Duwamish Valley Program: 2019 End-of-Year Progress Report

Partnering with Community to Deliver Results

It's been a year-and-a-half since the release of the Duwamish Valley Action Plan and we have lots of good news to share about how City departments and community are advancing community priorities to improve the quality of life in the Duwamish Valley. In addition to near and mid-term actions, the Duwamish Valley Action Plan (pg. 81) contains five long-term strategies - anti-displacement; workforce development & job pathways; climate change adaptation; parks & open spaces; and 8th Ave. S in Georgetown. City staff and community members continue to make progress on these actions and strategies. Potential partnerships with agencies like the Port of Seattle and King County are in the works, too. On the community side, Villa Comunitaria (formerly South Park Information & Resource Center) and Duwamish River Cleanup Coalition have secured grants to support community organizing for affordable housing and to strengthen the community's voice by better coordination and collaboration. Here are a few things we accomplished together in 2019:

1 new trail to connect Georgetown and South Park underway Granted $575,000 to Duwamish Tribal Services for improvements to the Longhouse Secured $1.5 million for new river access and park Disbursed more than $1.1 million to 15 community-led projects
$2,000 Fresh Bucks disbursed to Duwamish Valley community members 25 households in 98108 zip code to complete full oil to heat pump conversion

For more details on all projects and ongoing efforts, click on each of the priority areas below.

Seven Priority Areas

Climate Change Mitigation and Air Quality Improvements

Oil Heat Conversion:
OSE and Office of Housing (OH) launched a pilot program in the 98108 zip code area to convert 25 low-income homes with oil heat to clean and efficient electric heat pumps. The team has 25 income-qualified completed applications, 20 of which have completed contractor bids, and at least 10 have completed full oil to heat pump conversion. These upgrades will save money on heating and cooling expenses, make homes more comfortable, and reduce carbon and other pollution. In the next few months, we anticipate all 25 conversions to be completed.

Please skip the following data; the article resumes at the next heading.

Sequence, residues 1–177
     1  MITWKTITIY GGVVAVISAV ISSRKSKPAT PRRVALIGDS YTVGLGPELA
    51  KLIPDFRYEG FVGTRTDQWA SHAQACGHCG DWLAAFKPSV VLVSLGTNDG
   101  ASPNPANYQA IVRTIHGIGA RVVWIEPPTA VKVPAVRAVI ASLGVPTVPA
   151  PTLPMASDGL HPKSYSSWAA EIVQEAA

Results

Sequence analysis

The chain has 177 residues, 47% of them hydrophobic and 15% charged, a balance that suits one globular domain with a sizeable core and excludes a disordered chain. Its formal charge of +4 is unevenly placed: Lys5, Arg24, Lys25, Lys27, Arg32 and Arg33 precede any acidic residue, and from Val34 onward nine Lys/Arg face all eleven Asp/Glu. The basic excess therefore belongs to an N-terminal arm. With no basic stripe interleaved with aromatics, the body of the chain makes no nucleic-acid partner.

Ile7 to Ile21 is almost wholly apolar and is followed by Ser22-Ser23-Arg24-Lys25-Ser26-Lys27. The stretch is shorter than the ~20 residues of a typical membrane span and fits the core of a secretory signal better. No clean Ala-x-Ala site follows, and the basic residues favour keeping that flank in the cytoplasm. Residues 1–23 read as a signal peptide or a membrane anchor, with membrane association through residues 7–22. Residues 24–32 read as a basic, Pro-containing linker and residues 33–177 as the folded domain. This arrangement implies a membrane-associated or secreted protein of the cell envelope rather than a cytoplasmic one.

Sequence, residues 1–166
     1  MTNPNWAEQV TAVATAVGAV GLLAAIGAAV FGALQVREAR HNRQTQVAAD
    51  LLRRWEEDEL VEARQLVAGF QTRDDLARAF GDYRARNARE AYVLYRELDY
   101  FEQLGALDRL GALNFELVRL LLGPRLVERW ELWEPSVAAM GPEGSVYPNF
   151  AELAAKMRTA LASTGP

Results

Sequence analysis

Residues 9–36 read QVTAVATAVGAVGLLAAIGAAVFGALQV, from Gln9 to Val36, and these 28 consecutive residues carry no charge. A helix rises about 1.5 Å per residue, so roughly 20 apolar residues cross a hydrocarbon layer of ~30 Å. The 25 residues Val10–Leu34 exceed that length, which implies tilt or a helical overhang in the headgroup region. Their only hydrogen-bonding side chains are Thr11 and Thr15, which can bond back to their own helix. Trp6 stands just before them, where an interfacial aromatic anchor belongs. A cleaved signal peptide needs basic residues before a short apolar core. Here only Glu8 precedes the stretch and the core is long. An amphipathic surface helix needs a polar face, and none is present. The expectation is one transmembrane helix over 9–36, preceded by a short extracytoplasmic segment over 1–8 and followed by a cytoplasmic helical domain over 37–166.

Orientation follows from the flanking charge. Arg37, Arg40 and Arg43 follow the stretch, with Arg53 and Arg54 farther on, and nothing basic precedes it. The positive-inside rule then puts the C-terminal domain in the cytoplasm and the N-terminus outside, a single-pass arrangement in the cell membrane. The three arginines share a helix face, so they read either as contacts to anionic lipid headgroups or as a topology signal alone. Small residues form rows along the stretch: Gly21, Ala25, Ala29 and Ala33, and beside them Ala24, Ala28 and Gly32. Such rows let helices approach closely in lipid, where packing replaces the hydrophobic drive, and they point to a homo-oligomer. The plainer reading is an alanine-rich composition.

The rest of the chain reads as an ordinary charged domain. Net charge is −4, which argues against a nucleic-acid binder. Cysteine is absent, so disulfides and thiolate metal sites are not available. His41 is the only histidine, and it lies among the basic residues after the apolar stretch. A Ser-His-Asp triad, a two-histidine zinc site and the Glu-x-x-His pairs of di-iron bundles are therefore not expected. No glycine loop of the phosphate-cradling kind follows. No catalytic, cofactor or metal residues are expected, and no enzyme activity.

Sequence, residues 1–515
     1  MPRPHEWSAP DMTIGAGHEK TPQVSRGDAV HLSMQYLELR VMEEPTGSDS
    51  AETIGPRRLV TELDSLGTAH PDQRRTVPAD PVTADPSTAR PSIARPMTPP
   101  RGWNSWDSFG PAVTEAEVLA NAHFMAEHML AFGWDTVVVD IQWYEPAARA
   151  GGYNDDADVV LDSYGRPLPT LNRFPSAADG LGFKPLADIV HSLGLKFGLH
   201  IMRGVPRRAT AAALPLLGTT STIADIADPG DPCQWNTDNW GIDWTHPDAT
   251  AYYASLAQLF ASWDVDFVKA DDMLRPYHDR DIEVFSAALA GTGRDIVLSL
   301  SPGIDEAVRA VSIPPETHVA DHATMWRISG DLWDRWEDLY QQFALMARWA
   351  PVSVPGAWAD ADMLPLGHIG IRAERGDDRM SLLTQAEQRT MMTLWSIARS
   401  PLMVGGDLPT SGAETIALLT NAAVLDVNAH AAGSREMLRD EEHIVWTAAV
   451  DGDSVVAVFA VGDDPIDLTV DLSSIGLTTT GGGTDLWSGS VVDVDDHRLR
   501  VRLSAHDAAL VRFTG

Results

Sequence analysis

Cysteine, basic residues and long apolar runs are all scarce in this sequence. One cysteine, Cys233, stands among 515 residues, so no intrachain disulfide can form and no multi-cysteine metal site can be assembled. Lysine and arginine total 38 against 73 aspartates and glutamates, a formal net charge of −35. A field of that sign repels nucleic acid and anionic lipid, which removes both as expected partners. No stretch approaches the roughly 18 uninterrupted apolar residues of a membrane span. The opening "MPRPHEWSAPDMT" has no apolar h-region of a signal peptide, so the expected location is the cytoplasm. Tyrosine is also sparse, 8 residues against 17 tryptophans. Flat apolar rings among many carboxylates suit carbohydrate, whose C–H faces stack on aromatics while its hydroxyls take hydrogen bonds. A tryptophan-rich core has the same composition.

Moss Study:
Duwamish Valley teens partnered with Office of Sustainability & Environment (OSE), local scientists, and other partners to assess air pollution impacts in the community with an unlikely ally: moss! Collecting and testing moss for toxic contaminants has proven to be an effective tool in assessing regional air quality issues. Initial results are expected in early 2020, along with community outreach materials and potential mitigation plans. Learn more here.

Vehicle Electrification:
In August and September, Drive Clean Seattle (DCS) staff attended the Duwamish River Festival and Fiestas Patrias Parade to engage with community around fair financing for purchasing electric vehicles, electrification of private fleets (buses, trucks) in the Duwamish Valley, and community-owned rideshare programs. Representatives from Forth, Recology, and ECOSS joined DCS staff at these events. Specific efforts to develop a community-owned electric vehicle rideshare in South Park is accelerating, with collaboration between the City, Puget Sound Clean Air Agency, and Villa Comunitaria (formerly South Park Information & Resource Center) to assess the types and potential locations for charging stations and program management options underway.

Asthma Prevention

Healthy Home Assessments:
Seattle's Human Services Department (HSD) and OSE partnered with American Lung Association, Duwamish River Cleanup Coalition, and Concord PTA to connect Duwamish Valley community members to resources to prevent asthma or other respiratory problems. This year, the team connected more than 50 families to no- or low-cost asthma and respiratory problems prevention resources and developed customized actions plans to improve indoor air quality for each family!

Weatherization Plus Health Improvements:
Through the City's Healthy Home work (above), the team also identified families/households for deeper home improvements (e.g., insulation repairs, mold eradication, pest control, carpet replacement, etc.) to help prevent asthma attacks and/or respiratory problems. The team hosted two events on Saturday 12/07 to provide one-on-one assistance to South Park and Georgetown residents to apply for these "weatherization plus health" benefits. Nine families filled out applications and we anticipate home improvements to begin in early 2020.